How to Keep Costs Down When You're Buying Your First Home
These tips are important all over the country, but we're going to focus specifically on Florida where we know what's going on more specifically. Becoming a homeowner in Florida can seem like an insurmountable financial challenge, but there are a few important tips and tricks that you'll want to know about to lower that barrier and help you break down those all-important class barriers to make your way into the middle class.
Check Your Income Bracket
There are a variety of different mortgage and homebuyer assistance programs all over the country, including in Florida. Most of these require beneficiaries to be first time homebuyers, and to be in the low to middle income brackets. These brackets aren't static across the country or the state, but are determined individually by each county depending on the local cost of living.
See if You qualify for an FHA Loan
If you're in the low income bracket you will likely qualify for an FHA (Federal Housing Administration) loan. Since they're guaranteed by the government, they require a much smaller downpayment (3%) than what homebuyers are typically expected to be able to put down on a home (20%). With a downpayment that's only 1/5 the size, a lot more people can afford to take the leap and buy house without having to save up for years while continuing to pay rent.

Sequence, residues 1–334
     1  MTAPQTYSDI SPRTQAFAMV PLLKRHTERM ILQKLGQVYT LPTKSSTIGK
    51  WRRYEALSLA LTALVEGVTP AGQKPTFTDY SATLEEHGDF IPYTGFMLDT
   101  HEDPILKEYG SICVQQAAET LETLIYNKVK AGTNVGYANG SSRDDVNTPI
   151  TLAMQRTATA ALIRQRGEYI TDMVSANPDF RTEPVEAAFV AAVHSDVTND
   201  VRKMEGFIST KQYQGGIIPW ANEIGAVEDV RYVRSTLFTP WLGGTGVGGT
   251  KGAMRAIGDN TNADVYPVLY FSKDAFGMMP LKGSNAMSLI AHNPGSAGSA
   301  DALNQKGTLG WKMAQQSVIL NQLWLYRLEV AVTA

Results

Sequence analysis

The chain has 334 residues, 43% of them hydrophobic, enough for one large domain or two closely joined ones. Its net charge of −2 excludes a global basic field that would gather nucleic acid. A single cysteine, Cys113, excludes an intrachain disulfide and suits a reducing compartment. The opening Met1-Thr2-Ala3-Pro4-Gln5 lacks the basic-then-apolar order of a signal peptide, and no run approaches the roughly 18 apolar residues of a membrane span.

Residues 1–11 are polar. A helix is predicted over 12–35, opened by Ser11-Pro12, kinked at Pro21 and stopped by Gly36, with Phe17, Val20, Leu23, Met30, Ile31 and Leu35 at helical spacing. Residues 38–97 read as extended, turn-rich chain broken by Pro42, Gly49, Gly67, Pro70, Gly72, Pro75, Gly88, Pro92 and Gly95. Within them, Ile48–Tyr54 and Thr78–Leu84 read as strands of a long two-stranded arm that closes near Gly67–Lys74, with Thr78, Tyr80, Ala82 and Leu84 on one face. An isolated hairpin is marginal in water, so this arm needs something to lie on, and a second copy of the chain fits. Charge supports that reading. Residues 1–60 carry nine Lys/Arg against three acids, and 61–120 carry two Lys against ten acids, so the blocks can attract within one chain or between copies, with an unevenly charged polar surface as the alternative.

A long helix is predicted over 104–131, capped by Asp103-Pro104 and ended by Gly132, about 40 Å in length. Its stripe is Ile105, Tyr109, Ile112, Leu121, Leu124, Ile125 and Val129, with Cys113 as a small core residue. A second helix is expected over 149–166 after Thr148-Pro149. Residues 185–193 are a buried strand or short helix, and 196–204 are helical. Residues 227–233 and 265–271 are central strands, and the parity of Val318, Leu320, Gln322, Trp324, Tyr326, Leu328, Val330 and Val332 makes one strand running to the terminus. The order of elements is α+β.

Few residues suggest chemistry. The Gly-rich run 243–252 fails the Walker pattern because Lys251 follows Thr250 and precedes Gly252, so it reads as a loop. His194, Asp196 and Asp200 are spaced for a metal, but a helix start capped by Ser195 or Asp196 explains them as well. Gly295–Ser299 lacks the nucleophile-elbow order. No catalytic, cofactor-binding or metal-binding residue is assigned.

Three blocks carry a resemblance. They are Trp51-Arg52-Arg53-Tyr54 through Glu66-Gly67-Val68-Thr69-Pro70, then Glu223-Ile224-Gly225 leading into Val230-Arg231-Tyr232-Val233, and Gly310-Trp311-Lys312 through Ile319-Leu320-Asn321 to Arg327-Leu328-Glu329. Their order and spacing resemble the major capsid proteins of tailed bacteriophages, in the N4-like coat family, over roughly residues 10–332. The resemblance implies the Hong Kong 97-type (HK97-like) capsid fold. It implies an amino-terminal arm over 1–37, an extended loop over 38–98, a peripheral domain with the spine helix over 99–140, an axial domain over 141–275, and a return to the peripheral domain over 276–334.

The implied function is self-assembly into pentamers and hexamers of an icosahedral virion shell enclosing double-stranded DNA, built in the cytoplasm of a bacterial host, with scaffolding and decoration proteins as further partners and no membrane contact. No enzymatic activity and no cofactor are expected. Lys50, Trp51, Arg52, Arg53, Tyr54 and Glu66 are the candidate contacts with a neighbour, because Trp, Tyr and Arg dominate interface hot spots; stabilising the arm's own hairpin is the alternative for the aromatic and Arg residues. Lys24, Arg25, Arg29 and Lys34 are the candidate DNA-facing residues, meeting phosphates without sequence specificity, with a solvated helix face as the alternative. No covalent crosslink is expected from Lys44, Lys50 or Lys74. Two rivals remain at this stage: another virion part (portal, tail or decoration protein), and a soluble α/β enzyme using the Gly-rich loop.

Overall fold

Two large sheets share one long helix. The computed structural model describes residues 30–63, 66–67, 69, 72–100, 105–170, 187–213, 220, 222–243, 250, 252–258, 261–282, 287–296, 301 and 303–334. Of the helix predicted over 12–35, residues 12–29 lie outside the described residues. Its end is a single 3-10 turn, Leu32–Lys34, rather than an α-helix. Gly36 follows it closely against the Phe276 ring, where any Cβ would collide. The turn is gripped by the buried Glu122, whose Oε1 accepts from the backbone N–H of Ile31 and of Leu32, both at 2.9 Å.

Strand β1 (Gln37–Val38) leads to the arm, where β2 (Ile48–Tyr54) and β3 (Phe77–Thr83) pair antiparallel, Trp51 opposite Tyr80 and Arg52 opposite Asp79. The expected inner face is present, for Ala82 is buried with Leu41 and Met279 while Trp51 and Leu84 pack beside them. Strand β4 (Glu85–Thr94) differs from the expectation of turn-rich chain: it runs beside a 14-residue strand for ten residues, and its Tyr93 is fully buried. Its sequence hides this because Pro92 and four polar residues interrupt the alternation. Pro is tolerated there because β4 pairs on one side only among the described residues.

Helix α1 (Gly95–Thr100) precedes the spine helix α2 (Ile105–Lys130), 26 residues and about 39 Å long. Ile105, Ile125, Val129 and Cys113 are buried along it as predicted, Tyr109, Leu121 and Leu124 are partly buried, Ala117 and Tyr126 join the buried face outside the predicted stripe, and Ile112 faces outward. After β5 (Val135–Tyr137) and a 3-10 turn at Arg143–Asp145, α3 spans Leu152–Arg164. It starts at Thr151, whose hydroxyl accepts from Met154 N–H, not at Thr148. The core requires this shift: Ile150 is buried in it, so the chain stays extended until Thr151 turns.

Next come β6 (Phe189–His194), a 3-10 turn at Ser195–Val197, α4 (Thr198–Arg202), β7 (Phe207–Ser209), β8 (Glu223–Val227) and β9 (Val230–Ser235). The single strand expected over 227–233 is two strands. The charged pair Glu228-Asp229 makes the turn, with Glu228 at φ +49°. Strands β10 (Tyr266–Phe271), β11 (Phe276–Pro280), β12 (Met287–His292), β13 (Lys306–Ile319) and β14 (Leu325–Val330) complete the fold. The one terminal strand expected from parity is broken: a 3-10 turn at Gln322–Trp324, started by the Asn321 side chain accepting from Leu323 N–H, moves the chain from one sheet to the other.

Research Good Neighbor Programs
A variety of block grants and local government programs are designed to help revitalize low-income areas. One way they do this is to offer down payment assistance to people in "good neighbor" professions like law enforcement, emergency response, or teaching. If you're in one of these professions you can get help from one of these programs, which can help defray the cost of your downpayment, your closing costs, and even your principal mortgage payment.
Keep in Mind...
These programs exist for first time home buyers in Florida, not for real estate investors or people who are looking to buy a second home. Because of this most of these grants assume and require that people live in their new home for at least 5 years, and that they complete an education HUD certified homebuyer course to help them successfully navigate all the financial pitfall associated with homeownership.